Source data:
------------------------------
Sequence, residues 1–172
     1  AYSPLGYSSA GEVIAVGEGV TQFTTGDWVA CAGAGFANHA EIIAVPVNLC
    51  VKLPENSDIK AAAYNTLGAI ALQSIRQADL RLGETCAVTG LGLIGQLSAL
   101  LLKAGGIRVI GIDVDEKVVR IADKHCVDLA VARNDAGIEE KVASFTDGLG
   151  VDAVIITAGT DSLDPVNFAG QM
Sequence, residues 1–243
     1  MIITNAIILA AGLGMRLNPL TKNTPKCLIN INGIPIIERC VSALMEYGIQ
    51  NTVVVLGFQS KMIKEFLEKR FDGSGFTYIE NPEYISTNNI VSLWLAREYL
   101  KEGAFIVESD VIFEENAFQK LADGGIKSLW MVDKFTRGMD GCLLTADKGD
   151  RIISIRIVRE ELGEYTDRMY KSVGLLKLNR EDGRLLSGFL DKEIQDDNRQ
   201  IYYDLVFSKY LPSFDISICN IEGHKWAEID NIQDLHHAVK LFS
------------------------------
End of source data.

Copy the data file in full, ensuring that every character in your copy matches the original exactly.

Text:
Sequence, residues 1–172
     1  AYSPLGYSSA GEVIAVGEGV TQFTTGDWVA CAGAGFANHA EIIAVPVNLC
    51  VKLPENSDIK AAAYNTLGAI ALQSIRQADL RLGETCAVTG LGLIGQLSAL
   101  LLKAGGIRVI GIDVDEKVVR IADKHCVDLA VARNDAGIEE KVASFTDGLG
   151  VDAVIITAGT DSLDPVNFAG QM
Sequence, residues 1–243
     1  MIITNAIILA AGLGMRLNPL TKNTPKCLIN INGIPIIERC VSALMEYGIQ
    51  NTVVVLGFQS KMIKEFLEKR FDGSGFTYIE NPEYISTNNI VSLWLAREYL
   101  KEGAFIVESD VIFEENAFQK LADGGIKSLW MVDKFTRGMD GCLLTADKGD
   151  RIISIRIVRE ELGEYTDRMY KSVGLLKLNR EDGRLLSGFL DKEIQDDNRQ
   201  IYYDLVFSKY LPSFDISICN IEGHKWAEID NIQDLHHAVK LFS